Brought to you by
Why Drinking Coffee Might Decrease Diabetes Risk
Studies have suggested a link between regular coffee consumption and a reduction in the risk of type 2 DM (T2DM). Investigators aimed to identify the role coffee might play in preventing diabetes in a study published in the December 28, 2011, issue of the Journal of Agricultural and Food Chemistry.
According to this study, a key indicator of T2DM is the presence of toxic amyloid fibrils in the pancreas. These arise from the misfolding of human islet amyloid polypeptide (hIAPP, or amylin). There is evidence that these toxic amyloids can cause the death of beta-cells that produce and release insulin.
This study investigated the properties of caffeine, caffeic acid (CA), and chlorogenic acid (CGA), the 3 major active components of coffee, and their effects on hIAPP folding. The effects of these compounds in preventing cytotoxicity from amyloids were also evaluated using cultured pancreatic cells.
The results of the study show that all 3 compounds inhibited amyloid formation to varying degrees. CA displayed the greatest potency in delaying conformational changes to hIAPP, CGA had intermediate potency, and caffeine had the least potent effect. CA also exhibited the highest protection to pancreatic cells, maintaining their viability at 96% by inhibiting amyloid formation. Caffeine and CGA were less effective.
It is important to note that these results were observed in a laboratory setting using cultured cells and not in humans or animals. Moreover, the studies that linked coffee consumption with a reduced risk of T2DM were epidemiologic in design, and no proven cause-and-effect link exists between drinking coffee and preventing T2DM.
Intensive Therapy for Type 1 Diabetes Associated with Better Kidney Outcomes
In a study published December 22, 2011, in The New England Journal of Medicine, researchers found that early intensive treatment in individuals with type 1 diabetes was associated with a lower risk of impaired glomerular filtration rate (GFR), which is associated with high rates of cardiovascular disease and progression to end-stage renal disease (ESRD) in diabetic patients.
A total of 1441 patients were randomized to receive either early intensive insulin therapy to achieve near-normal blood glucose levels, or to receive normal insulin therapy to prevent hyperglycemic symptoms. Participants were then followed in a long-term observational study. GFR was estimated from annual serum creatinine levels and patient data.
Intensive therapy was associated with smaller declines in GFR, compared with regular therapy. After 22 years of follow-up, 24 intensive therapy subjects and 46 conventional therapy subjects developed GFR impairment, representing a 50% risk reduction (95% confidence interval [CI], 18-69; P = .006). Eight patients undergoing intensive therapy progressed to ESRD, whereas twice as many did so in the conventional therapy group. Over the course of the 2 studies, the intensive therapy group saw an average decrease in GFR of 1.27 mL/min/1.73 m2 per year (95% CI, 1.20-1.35; P <.001) compared with 1.56 mL/min/1.73 m2 per year (95% CI, 1.48-1.63; P <.001) with conventional therapy.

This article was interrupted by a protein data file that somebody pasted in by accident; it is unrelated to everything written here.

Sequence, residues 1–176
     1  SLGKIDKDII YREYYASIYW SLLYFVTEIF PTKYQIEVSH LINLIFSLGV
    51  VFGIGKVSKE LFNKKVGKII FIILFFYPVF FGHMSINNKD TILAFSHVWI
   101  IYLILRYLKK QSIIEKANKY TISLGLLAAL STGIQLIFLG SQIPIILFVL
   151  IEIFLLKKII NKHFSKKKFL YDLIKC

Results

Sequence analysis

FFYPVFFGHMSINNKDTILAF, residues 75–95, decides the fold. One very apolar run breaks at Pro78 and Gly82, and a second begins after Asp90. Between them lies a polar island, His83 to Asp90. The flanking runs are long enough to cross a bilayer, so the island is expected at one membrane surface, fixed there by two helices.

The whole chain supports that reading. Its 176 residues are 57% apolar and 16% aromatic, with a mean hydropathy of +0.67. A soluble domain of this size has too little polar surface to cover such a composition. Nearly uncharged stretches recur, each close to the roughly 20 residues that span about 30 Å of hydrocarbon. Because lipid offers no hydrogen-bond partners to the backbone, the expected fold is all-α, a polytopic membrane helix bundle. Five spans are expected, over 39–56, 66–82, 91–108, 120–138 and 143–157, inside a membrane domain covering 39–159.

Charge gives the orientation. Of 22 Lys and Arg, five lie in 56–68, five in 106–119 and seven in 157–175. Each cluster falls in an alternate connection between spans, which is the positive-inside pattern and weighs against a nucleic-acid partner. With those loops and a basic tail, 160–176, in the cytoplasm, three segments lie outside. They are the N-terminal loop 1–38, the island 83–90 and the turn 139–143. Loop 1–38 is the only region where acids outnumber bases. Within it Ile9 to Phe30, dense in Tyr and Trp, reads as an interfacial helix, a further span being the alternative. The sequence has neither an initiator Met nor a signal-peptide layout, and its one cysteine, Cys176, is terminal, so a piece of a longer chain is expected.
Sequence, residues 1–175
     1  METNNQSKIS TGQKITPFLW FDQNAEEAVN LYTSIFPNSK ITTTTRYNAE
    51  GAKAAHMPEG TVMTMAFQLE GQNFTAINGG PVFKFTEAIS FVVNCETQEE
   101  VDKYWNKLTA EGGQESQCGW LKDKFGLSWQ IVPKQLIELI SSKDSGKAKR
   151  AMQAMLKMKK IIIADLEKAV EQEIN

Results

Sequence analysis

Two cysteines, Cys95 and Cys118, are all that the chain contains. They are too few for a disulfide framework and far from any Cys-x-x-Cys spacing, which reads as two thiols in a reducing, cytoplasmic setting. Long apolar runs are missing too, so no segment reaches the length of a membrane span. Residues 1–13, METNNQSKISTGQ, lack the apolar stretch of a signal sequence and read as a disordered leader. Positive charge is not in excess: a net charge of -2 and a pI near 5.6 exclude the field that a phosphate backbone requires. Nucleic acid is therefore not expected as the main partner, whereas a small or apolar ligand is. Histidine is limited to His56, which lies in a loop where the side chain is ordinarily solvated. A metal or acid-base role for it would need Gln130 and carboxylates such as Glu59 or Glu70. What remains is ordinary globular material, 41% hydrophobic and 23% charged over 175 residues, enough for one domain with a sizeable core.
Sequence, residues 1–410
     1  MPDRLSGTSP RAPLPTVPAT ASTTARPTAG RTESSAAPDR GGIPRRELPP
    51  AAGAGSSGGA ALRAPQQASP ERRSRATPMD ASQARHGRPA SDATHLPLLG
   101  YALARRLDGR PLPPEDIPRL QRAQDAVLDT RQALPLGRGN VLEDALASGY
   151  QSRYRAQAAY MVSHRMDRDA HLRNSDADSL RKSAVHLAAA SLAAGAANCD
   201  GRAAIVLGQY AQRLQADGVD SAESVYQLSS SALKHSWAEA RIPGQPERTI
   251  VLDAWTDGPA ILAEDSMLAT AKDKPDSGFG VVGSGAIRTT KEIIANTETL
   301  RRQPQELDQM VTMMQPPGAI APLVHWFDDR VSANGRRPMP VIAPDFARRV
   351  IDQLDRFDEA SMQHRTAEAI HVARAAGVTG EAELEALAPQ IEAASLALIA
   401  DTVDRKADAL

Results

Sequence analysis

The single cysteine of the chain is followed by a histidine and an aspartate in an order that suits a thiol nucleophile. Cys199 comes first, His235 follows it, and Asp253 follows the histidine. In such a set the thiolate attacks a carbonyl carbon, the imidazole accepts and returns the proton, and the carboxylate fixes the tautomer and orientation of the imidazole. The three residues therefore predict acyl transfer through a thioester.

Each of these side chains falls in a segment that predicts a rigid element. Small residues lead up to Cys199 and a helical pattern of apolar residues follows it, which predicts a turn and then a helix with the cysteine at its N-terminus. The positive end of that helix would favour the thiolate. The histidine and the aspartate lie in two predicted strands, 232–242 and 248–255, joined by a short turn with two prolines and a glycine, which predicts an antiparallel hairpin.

The results mirror previous findings that intensive therapy decreased the rates of albuminuria, a marker of developing diabetic kidney failure. Limitations include the use of antihypertensive medications or inhibitors of the renin-angiotensinaldosterone system prescribed by physicians in a nonrandomized manner. The results remained significant after adjusting for the use of these medications.
Increased Risk of Diabetes Mellitus with Statin Use in Postmenopausal Women
A study published online in the Archives of Internal Medicine on January 9, 2012, reported that the use of statin drugs is associated with an increased risk of developing new-onset diabetes mellitus (DM) in postmenopausal women.
The study analyzed data from 153,840 women without DM who had been recruited for participation in the Women’s Health Initiative between 1993 and 1998. Statin use was reported at enrollment and after the third year.
Baseline statin use was associated with a significantly increased risk of DM (hazard ratio 1.71; 95% CI, 1.61-1.83). This result decreased but remained significant after adjustment for confounding factors such as age, ethnicity, body mass index (BMI), family history of DM, hormone therapy use, and cardiovascular disease (CVD). Additionally, statin use significantly increased DM risk among white, Hispanic, and Asian women, across all subgroups of BMI and also regardless of a history of CVD. Risks were similar regardless of whether the statin was of low (lovastatin, fluvastatin, and pravastatin) or high (simvastatin, atorvastatin) potency.
The study’s limitations include the unequal use of statin drugs. Only 7.04% of study participants used statins at baseline, and 14.5% used statins after 3 years of follow-up. Additionally, researchers lacked dosage information, could not rule out variations in patient care, and could not track medication use.
Still, the study results were similar to previously published studies, which found that the use of statins increased the risk of newonset DM. The authors conclude that these consequences require more study and current practice guidelines should not change.